One day, three Ukrainian policemen with rifles and dogs discovered them in the forest. Harry quickly ran and ducked under some bushes. Harry’s father offered them three 10-ruble gold coins that had been sewn into Harry’s pants. “Herschko, come out,” his mother called. Harry stayed put, but his mother found him and took the gold pieces to the policemen. As they left, Harry, still hidden in the bushes, heard one say, “We’ll come back tomorrow and pick them up.”
Harry and his family immediately left, walking 20 kilometers to Kamariske, where another Ukrainian farmer agreed to hide them for money. He put them in a barn with hay and pigs. But it was very cold — 20 below zero, Harry estimates — and they dug a 6-foot square pit in the dirt floor, covering it with wood and straw, for some warmth.
They lived in the barn for six months, with little food and water. They made drinking water by melting icicles and stole the raw potatoes that the farmer fed to the pigs. The farmer was paid by a Ukrainian family friend with money and other valuables that Harry’s father had buried.
One night, in June 1943, the farmer ordered them to leave. The next day, they later learned, Germans burned down the barn. But Harry’s family had found lodging with another Ukrainian, Gordey Kondratuk, who hid them in his barn, feeding them as best he could and trying to convert them to the Baptist religion.
In late 1943, the Ukrainians, determined to establish an independent country, evicted the Germans and invited the remaining Jews to return to Stepan, especially professionals and skilled workers. Joseph returned to the factory. Harry remained in hiding with his mother and brother.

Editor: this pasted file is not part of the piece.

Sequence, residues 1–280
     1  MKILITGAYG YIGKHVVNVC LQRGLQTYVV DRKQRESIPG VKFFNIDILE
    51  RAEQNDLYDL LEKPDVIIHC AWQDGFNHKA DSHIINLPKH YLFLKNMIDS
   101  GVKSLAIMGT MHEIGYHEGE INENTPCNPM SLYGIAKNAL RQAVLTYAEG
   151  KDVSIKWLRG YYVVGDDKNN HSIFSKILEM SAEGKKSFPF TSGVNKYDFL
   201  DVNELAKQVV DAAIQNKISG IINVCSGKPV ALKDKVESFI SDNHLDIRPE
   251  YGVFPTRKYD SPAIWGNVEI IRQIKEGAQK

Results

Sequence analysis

Some weeks later, with the Russian Army advancing, the Ukrainians rounded up the 50 Jews who had returned to Stepan, including Joseph. They shot them and threw them into the Horyn River, destroying witnesses to the atrocities they had committed.
The Russian Army liberated Stepan in March 1944. Harry had been in hiding 19 months, wearing essentially the same clothes the whole time, rags that now hung on him, and using flour sacks tied with string for shoes. He had typhus, weighed 70 pounds and almost died.
Harry, his mother and brother stayed in Stepan until 1945. From there, they eventually made their way to Ulm, Germany, where they stayed in several displaced persons camps, including Donabastion, for three years. Then, sponsored by relatives in the United States, the three arrived in Detroit on July 17, 1949, Harry’s 19th birthday.
Harry worked selling ice cream from a truck. In March 1958, he met Eva Lung, a Hungarian survivor, and they married on Oct. 26, 1958. They moved to Chicago in 1962, and then to Los Angeles a year later. Harry sold ice cream, worked in construction, and, in 1972, he and Eva bought a small grocery, Stan’s Market, on Third Street and Witmer, near downtown Los Angeles, retiring 10 years later.
Harry and Eva have three children: Joseph, born in 1959; Vera, born in 1962; and Benjamin, born in 1972.
Harry was active in the Wolliner Society of Los Angeles, composed of “landsmen” from the Wolyn province who raised more than $1 million for Israel and, in addition, purchased three ambulances for the Jewish state. Although the organization disbanded in 2000, “We had 400 members at one time,” Harry said.
Harry is now 82 and still manages some real estate properties he owns. He is a member of B’nai David-Judea in Pico-Robertson and enjoys playing cards once a week.
“There’s nothing but luck,” Harry says of his survival. Then, he adds, “I was never afraid for anything.”